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What will happen when lights go out.

Byline: WITH DAVID WARRINGTON Stargazing

THE Sun that we see in the sky on a clear, bright day is a star.

It shines because it produces energy in its core and is extremely important for life here on Earth.

Stars form from enormous, dense, cold clouds of gas and dust that lie in the interstellar medium.

The interstellar medium, the vast space between the stars, is composed mainly of hydrogen and helium.

When older generations of stars came to the end of their life cycle, they shed heavier elements, made during the life of the star, into the interstellar medium.

Younger stars like the Sun contain some of these heavier elements. The Sun's mass is made up of about 71 per cent hydrogen, 27 per cent helium and one or two per cent of those heavier elements.

A trigger is often needed to make a gas cloud start to contract. This could be the gravitational pull of a passing star. It could be an immense density wave moving through the galaxy. Or it could be the huge shockwave produced from a supernova.

It could be that a nearby exploding star was the spark that led to a cloud contracting and the Sun forming 4.6 billion years ago.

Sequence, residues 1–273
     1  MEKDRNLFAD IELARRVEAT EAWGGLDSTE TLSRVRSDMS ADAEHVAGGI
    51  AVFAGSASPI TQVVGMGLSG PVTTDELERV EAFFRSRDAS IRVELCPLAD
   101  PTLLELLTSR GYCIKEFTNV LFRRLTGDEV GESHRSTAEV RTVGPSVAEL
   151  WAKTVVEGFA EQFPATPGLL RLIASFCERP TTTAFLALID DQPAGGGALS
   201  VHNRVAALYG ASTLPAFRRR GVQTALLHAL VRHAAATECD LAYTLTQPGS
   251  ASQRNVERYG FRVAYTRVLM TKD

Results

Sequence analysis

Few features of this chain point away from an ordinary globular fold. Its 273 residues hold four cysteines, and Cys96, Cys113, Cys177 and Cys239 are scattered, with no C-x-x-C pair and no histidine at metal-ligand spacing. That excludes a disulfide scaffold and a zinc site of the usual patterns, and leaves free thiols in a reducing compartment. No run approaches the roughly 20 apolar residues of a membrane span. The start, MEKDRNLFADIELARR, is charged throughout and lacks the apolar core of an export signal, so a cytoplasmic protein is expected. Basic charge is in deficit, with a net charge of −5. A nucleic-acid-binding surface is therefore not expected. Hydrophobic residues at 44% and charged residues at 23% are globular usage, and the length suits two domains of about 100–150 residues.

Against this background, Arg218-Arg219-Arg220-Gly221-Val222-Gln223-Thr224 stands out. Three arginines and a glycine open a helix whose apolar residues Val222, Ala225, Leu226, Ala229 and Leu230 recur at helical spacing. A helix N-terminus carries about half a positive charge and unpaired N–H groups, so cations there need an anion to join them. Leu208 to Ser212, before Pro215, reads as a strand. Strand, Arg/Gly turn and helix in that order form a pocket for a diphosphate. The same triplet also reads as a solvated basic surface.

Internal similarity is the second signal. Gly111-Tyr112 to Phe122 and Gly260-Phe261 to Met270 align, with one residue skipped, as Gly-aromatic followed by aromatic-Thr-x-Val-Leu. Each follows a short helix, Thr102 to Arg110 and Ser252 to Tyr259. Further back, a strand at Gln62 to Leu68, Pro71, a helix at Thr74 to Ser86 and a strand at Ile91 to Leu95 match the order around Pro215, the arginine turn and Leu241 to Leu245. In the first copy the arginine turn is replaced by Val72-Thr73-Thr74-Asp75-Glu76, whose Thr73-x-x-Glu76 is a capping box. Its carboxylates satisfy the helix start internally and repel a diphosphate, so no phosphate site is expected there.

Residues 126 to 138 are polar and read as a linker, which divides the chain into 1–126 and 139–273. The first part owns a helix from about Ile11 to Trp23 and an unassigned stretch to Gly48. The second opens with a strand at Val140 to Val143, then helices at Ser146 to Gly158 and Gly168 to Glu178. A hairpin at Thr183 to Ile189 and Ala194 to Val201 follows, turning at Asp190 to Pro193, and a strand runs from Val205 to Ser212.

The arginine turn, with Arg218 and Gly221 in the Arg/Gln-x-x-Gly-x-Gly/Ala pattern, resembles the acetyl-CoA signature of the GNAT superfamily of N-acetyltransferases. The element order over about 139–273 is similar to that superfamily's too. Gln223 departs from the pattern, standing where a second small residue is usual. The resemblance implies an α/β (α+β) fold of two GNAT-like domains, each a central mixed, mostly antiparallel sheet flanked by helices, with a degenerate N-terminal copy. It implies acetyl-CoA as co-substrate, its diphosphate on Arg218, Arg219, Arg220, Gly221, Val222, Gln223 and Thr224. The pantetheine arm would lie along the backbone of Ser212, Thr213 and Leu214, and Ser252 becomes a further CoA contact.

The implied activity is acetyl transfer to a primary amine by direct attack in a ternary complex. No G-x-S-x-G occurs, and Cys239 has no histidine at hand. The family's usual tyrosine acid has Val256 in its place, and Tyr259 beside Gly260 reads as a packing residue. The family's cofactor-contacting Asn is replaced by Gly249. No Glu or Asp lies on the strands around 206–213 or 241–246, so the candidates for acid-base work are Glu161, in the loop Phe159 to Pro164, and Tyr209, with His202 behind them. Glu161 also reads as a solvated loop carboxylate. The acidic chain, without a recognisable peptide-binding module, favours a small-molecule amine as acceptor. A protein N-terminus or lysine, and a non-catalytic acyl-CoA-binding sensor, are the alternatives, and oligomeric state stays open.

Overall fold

As that gas cloud contracted, pressure and temperature shot up. At the centre of a clump of gas and dust, the heat and pressure would have been so great that nuclear fusion began. Nuclear fusion is the power plant process within all stars.

In the Sun, vast amounts of hydrogen atoms are fused together every second, changed into helium atoms producing massive amounts of energy. A star is born when nuclear fusion begins.

A star's life is something of a balancing act. Gravity is constantly trying to make the star contract. Radiation pressures within the star are trying to push it apart. When balanced and stable, the star is at hydrostatic equilibrium.

At this stable stage in a star's life cycle, it is known as a main sequence star and it will spend most of its life in this way. The Sun is currently a main sequence star, roughly halfway through its life, and will continue to fuse hydrogen in its core for about another five billion years.

Once the entire hydrogen fuel source in the core has been used up, the Sun will start to burn hydrogen all the way through its structure in a series of shells.

The Sun will expand and cool down, becoming a red giant, gradually using up all its hydrogen and leading to the eventual collapse of its structure.

It's not at all advisable to look directly at our nearest star the Sun (especially with binoculars or a telescope). But away from the glow of street lights, it is possible to see hundreds of stars at great distance with the naked eye on a clear night.

| David Warrington, FRAS, is resident astronomer at the Scottish Dark Sky Observatory in Dalmellington, Ayrshire. Find out more at www.scottishdarkskyobservatory.co.uk.

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Title Annotation:Features
Publication:Daily Record (Glasgow, Scotland)
Date:Sep 17, 2016
Words:519
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